top of page

The North Korean Question – Part 2: A cultural conflict

Image credit: mister addd (Flickr: Creative Commons)

This article is part of a two-part series examining peace and security on the Korean Peninsula.

In part one of this two part series, it was acknowledged that the assumption of a hawkish, pro-conflict stance on the North Korean issue would result in utter ruination. However, it was also observed that the present framework of sanctions against the North has proven powerless.

In devising a solution, wisdom can be drawn from the teachings of Sun Tzu’s Art of War, where it is observed that “In the practical art of war, the best thing of all is to take the enemy's country whole and intact; to shatter and destroy it is not so good.” The question must therefore be asked – can North Korea be successfully disarmed without the international community utilizing military force?

Policy misconceptions

The North Korean state is one that is skeptical, bitter, and paranoid in nature. This may be attributed to the numerous sanctions imposed on it by the international community for its nuclear and missile programs. Consequently, the government perceives itself as facing an existential threat from all sides, having observed the fate of countries opposed to western interests whom voluntarily denuclearized. Although Iraq and Libya succumbed to Western pressure to denuclearize, both Saddam Hussein and Muammar el-Qaddafi were subsequently ousted and their nations regressed into failed states. The Kim regime’s quest for nuclear weaponry is the logical outcome of justified paranoia, one that has been central to its legitimacy and inextricably tied to its very survival in an increasingly polarised global climate.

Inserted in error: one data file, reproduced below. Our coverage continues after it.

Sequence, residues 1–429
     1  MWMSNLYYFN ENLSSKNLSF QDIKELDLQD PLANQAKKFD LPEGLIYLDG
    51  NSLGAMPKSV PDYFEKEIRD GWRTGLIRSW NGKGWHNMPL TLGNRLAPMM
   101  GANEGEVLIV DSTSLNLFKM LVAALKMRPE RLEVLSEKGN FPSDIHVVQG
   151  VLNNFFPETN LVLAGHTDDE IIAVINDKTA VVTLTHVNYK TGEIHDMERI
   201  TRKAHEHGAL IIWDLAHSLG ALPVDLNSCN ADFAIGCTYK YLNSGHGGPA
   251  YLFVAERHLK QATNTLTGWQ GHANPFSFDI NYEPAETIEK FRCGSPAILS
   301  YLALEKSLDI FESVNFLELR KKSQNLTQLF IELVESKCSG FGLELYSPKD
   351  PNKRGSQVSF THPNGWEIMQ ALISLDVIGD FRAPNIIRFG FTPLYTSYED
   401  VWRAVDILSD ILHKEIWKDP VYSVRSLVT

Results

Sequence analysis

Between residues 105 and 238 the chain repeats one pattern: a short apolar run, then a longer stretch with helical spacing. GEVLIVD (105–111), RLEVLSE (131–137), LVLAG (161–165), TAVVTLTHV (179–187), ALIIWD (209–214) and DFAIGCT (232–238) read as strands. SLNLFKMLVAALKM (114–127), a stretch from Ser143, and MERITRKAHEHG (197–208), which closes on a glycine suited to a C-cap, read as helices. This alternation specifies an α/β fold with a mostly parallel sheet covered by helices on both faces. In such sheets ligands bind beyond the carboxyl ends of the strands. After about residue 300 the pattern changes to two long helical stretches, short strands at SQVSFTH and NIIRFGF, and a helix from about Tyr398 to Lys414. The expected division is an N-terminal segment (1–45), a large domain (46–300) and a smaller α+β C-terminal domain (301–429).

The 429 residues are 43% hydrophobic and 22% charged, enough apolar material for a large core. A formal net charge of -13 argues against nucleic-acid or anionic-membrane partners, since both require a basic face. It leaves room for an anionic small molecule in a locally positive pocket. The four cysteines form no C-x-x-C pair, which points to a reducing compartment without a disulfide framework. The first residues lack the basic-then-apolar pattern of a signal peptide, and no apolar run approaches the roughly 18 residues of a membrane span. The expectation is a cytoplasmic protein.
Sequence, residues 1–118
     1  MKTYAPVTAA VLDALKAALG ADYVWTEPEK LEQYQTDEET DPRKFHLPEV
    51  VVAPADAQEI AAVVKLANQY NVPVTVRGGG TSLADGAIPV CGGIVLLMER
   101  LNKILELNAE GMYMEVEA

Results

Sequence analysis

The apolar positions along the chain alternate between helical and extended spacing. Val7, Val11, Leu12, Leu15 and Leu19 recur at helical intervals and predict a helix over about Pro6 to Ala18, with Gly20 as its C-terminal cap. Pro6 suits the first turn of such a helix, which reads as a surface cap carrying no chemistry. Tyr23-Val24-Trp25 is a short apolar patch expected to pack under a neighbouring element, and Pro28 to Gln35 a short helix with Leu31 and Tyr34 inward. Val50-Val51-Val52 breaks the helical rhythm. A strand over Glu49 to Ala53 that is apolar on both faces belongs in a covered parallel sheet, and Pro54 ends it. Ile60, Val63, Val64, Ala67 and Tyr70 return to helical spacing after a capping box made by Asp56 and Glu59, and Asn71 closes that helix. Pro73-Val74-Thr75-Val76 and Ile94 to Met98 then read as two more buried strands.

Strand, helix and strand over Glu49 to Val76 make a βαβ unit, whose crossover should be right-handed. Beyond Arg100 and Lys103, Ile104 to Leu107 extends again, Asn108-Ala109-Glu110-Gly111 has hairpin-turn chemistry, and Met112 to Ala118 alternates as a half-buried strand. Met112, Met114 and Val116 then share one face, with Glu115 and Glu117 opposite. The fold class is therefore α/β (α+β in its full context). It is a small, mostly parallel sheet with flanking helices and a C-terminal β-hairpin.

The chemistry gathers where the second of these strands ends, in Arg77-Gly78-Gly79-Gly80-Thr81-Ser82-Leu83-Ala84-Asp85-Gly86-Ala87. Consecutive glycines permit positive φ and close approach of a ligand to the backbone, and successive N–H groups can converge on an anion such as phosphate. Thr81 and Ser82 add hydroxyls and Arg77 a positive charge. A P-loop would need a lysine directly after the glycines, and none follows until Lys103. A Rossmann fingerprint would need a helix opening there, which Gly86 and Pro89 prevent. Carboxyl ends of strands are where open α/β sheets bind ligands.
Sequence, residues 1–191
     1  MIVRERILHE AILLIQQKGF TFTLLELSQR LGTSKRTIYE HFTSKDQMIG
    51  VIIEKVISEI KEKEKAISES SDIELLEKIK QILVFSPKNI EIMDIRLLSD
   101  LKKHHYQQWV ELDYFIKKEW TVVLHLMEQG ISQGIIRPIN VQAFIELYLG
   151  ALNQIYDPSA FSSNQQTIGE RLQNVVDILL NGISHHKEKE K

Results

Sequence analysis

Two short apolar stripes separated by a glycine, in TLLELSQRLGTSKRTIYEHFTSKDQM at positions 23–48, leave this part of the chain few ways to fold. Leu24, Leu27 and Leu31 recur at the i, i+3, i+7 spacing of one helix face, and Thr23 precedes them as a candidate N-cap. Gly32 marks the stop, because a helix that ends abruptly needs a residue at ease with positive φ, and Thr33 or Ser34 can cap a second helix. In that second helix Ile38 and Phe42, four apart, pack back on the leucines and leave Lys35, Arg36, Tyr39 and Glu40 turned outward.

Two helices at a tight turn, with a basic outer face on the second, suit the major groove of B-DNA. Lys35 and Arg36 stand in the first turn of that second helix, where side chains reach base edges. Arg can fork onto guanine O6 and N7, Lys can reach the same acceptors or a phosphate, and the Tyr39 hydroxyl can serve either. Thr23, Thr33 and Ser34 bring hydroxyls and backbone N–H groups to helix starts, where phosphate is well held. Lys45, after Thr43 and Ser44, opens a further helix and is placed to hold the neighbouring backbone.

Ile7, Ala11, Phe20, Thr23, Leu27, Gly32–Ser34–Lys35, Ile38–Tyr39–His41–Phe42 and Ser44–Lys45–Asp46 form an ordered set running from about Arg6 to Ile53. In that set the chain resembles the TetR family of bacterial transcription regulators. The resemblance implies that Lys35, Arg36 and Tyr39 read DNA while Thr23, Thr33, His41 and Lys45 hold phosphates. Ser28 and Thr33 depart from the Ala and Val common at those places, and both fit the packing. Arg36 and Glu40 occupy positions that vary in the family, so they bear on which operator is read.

The ineffectual response of the international community to North Korea has been illustrated by the disjointed reactions of assorted stakeholders in the West (US, South Korea, Japan) and the East (China, Russia). When treating states as their own individual personality, the circumstances and interactions here can be interpreted as characteristic of intermittent reinforcement, where the rules, rewards or personal boundaries are handed out or enforced inconsistently and occasionally. This encourages the opposing party to continue pushing until they get what they want, without altering their own behaviour.

The democratic nature of the US government and transition of executive leadership every four or eight years contributes to this unstable circumstance – thereby fostering a degree of uncertainty within policy between each successive administration, which paradoxically amounts to a certain predictability that the North Korean regime can exploit. The current course is unsustainable, since the North will never surrender its nuclear capabilities so long as external threats by foreign powers enforce the perception that such weaponry is central to the regime’s survival. The sooner this is understood, the better.

One avenue that has been largely neglected has been the adoption of a liberalist outlook; to facilitate constructive dialogue on shared concerns, and the greater promotion of interdependence through the exchange of cultural materials and concepts. The objective here must be to promote understanding by altering the North’s enduring perceptions of Western actions from one of hostility to one of concern, followed by the extended secondary objective of reconciliation and eventual reunification; thus advancing and securing long-term peace and stability on the Korean peninsula.